I’m astounded that the bean counters over at the Hard Rock actually agreed to run the ads.  What better way to convince people that your brand is fun for the whole family than a leering, rape-y robot?  To be clear, I hate this painting and I wish GNR/Axl would get over their massive hard-on for it...however Las Vegas is known the world-over as “Sin City.”  We’re not talking about Orlando, Florida or Branson, Missouri.  We’re talking about the smutty-ist, gambling capital of the country. A place where shady looking dudes hand out flyers of chicks you can legally pay to know (like in the Biblical sense).

I can’t imagine the ad was the most misogynistic thing the fanny-pack wearing masses of Las Vegas are being subjected to in a city where selling women is mostly legal.  I was recently in Times Square and that place was stuffed to the gills with super-porny clothing ads.  I know it’s not the same because none of the Gap ads were violent, but as we all know sex sells and this shit is everywhere these days.  Again, I’m not saying I think this ad should be plastered at the airport, welcoming families to Las Vegas (which it was), but I think Las Vegas needs to check itself.  I mean, this is Las Vegas we’re talking about.  And this poster is a drawing.  It doesn’t depict actual human beings, unlike the prostitute ads.

In the end, I can’t help but think that this is just a publicity stunt.  This controversy was not only foreseen  but wanted, I suppose to generate interest in the concerts and get us all talking–in which case: mission accomplished. Las Vegas should take a long look in the mirror and GNR should put “Appetite for Destruction” (the painting) to rest.

Lovely.

*Not that Robert Williams

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Axl Rose On Jimmy Kimmel: My (Delayed) Reaction

I understand that this is now old news at this point, but I’ve been unable to write about Axl Rose’s recent appearance on Jimmy Kimmel.  Part of the reason was that I was horribly stranded in New York City during the recent super-storm/clusterfuck.  But another part was my brain’s slowed reaction to the appearance.

Axl was appropriate for the entire interview, except for his stupid hat.

On one hand, I found Axl’s first major TV interview to be a colossal disappointment and a great relief.  It was disappointing because Axl looks like someone’s bloated dad.  Look, I’m a fat, nerdy music writer so I can say it:  Axl used to be a rock adonis, and now he’s pudgy old guy.  The hat was also stupid.  I know it’s not cool to be balding or whatever is going on under that hat…but for crying out loud Axl, that hat makes you look insane.  It’s easy for me to say own your baldness when I still have a head full of hair, but I think it’s pretty vain when rock stars refuse to take off their hats/headbands.  You know who my all-time rockstar hair hero is? James Taylor.  James Taylor went bald and took it like a man. He didn’t bother with any coverup or conspiracy, he was like “this is what my head looks like.”  Kids today might not think it ballsy but there was a time when James Taylor was known for his giant mane of hair.  He wasn’t a hair-metal guy by any stretch, but he did have nice hair.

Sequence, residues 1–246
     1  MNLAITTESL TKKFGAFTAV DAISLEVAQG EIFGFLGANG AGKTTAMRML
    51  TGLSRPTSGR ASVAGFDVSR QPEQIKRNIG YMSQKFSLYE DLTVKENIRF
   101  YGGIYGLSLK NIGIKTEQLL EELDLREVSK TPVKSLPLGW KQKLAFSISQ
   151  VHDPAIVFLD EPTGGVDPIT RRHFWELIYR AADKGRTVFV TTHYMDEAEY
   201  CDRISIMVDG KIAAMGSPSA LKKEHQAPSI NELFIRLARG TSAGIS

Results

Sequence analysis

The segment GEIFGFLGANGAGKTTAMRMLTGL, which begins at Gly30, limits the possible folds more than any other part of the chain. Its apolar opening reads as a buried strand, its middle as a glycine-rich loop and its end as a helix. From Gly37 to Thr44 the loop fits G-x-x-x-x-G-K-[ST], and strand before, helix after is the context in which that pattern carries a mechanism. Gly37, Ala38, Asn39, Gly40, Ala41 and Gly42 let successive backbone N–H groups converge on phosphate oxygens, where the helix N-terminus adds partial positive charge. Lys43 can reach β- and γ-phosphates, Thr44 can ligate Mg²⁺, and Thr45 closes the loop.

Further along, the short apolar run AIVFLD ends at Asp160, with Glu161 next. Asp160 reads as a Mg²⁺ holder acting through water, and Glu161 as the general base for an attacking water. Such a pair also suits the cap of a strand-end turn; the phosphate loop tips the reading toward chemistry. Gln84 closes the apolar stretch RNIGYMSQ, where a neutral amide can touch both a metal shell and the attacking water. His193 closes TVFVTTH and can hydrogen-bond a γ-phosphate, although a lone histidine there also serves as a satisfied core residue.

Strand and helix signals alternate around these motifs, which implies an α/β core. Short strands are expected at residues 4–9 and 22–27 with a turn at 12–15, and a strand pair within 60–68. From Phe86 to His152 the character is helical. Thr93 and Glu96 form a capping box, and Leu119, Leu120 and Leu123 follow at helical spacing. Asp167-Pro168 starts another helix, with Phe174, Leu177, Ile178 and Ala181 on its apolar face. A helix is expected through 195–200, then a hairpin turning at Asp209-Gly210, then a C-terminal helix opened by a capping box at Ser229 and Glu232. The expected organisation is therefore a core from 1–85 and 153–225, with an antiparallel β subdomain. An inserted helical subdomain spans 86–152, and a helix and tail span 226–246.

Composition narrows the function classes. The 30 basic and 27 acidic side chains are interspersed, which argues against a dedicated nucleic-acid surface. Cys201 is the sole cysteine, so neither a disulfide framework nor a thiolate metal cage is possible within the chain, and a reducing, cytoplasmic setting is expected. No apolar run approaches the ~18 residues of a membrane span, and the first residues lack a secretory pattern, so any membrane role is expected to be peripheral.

Enjoy all that sexy hair, 1970’s James Taylor, cos it won’t last…

But I digress. This post is not about hair.

So Axl’s gotten old, I can deal with that.  The bigger disappointment was also the thing that gave me tremendous relief: Axl Rose wasn’t insane or weird (hat not withstanding).  He was plainspoken, friendly, and engaged in talking with Jimmy Kimmel.  Kimmel even made a point of saying how surprised he was that Axl was talking to him during the interview.  The pictures of Axl’s Halloween Tree and his story about how he likes to see kids freak out when they see it was cool.  Some might say that the critical and commercial failure of CHINESE DEMOCRACY has humbled Rose, and that’s why the man we see is so down-to-earth and normal.  But I don’t see it that way.  The way I see it, Axl without all the bullshit is just a normal dude like you or me.

I’m sad that he wasn’t bizarre and we didn’t get some crazy sound bytes out of the appearance–but mostly I’m glad to see that Axl isn’t the douchebag the media have portrayed him to be.  On a side side note, I was glad to see The Whigs perform later on in the episode (I’ve seen them live a few times and they’re awesome) but I was REALLY REALLY sad that Guns ‘N Roses didn’t play a song instead.  How awesome would that have been?